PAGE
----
In 2009 around half a million asylum-seekers were living in the UK without access to accommodation, income or support for such reasons, and, as shown in an Amnesty International report, 40% of advice requests received by Refugee Action were from destitute asylum-seekers.

What can you do?

  • Join the Calais Refugee Solidarity Bristol group (on facebook) to help organise and send supplies to support asylum-seekers waiting in makeshift camps in the port city.
  • Sign up to the Bristol Hospitality Network mailing list and other organisations mentioned above via their websites, or like them on facebook, to receive regular updates on what help is needed here in Bristol.
  • Offer a spare room in your house to a destitute asylum seeker in Bristol (most are single men aged between 25 and 50). We do not encourage families with children to host because there is no way of ‘vetting’ our members to safeguard your children.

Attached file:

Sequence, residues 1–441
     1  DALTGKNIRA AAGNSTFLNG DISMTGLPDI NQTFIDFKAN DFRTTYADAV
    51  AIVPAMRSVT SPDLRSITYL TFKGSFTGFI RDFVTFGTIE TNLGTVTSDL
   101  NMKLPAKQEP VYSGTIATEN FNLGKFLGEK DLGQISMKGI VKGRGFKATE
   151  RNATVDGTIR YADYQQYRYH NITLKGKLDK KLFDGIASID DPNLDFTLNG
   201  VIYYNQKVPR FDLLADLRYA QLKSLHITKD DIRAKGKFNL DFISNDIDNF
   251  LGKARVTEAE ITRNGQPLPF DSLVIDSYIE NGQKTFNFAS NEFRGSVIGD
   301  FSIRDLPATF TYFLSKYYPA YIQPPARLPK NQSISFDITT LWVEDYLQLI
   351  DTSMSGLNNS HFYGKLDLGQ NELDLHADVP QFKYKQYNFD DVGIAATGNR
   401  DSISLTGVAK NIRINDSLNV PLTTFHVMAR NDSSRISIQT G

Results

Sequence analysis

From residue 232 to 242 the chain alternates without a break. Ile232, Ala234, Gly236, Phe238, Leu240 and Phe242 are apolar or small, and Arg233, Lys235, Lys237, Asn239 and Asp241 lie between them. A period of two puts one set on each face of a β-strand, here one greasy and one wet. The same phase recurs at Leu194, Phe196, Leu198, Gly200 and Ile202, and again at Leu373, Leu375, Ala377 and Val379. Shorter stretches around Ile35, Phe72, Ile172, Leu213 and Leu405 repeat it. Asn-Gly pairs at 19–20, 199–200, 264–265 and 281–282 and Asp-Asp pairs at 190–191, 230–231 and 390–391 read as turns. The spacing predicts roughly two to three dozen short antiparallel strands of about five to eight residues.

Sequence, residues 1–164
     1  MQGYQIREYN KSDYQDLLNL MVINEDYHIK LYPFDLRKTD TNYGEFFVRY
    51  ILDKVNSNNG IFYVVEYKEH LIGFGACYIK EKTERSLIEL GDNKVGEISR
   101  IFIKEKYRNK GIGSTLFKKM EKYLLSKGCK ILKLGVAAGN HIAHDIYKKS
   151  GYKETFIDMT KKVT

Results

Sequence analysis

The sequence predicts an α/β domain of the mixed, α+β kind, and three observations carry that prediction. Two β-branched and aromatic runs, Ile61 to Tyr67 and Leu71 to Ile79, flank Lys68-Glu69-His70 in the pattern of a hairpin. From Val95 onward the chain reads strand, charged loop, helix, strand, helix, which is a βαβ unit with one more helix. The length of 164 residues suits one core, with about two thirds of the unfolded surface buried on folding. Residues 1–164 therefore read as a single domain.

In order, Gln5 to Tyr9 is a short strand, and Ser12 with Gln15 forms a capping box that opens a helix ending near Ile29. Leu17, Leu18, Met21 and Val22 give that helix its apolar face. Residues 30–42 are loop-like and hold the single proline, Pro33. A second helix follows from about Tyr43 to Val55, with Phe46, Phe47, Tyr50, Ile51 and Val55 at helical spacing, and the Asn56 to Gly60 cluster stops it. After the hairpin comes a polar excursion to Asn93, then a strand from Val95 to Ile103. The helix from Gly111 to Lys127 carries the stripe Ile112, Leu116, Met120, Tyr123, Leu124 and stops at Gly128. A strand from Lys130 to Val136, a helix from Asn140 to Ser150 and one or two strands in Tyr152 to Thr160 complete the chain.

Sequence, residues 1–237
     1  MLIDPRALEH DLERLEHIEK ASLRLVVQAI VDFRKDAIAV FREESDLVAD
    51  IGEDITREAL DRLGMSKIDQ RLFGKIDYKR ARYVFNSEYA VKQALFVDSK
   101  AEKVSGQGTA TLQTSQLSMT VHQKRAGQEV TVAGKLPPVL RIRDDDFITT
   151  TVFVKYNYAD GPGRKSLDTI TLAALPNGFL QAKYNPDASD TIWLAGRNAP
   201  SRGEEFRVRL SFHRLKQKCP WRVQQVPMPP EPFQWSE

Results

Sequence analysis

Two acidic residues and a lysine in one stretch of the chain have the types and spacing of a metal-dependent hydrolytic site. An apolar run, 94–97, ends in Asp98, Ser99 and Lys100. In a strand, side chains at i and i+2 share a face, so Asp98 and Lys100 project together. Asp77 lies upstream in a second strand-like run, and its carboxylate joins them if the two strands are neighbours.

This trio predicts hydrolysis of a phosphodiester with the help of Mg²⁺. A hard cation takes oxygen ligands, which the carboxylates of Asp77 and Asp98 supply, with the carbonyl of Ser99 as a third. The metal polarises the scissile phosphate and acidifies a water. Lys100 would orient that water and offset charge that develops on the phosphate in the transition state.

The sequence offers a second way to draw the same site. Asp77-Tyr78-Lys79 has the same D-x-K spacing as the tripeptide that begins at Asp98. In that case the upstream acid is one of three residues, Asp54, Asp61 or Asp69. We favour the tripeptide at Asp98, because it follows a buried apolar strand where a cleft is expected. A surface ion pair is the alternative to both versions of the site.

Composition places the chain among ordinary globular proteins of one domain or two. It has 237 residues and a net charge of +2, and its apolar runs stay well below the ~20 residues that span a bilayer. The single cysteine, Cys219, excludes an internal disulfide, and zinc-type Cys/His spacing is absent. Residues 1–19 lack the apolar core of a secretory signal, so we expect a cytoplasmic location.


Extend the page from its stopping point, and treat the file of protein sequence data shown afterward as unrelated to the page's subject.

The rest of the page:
• Consider renting out your spare room and donating the proceeds to a charity like BHN to enable them to go on supporting destitute asylum-seekers in existing hostel accommodation. Ask to visit and get to understand the experience of people seeking asylum from all around the world.
  • Engage with the longer histories and broader geographies of migration today, and resist the temptation offered by the media to think in terms of ‘good victims’ and ‘bad actors.’ The Syrian children are not the only ones affected in today’s world and this is as much a political issue with a long history as it is a humanitarian crisis.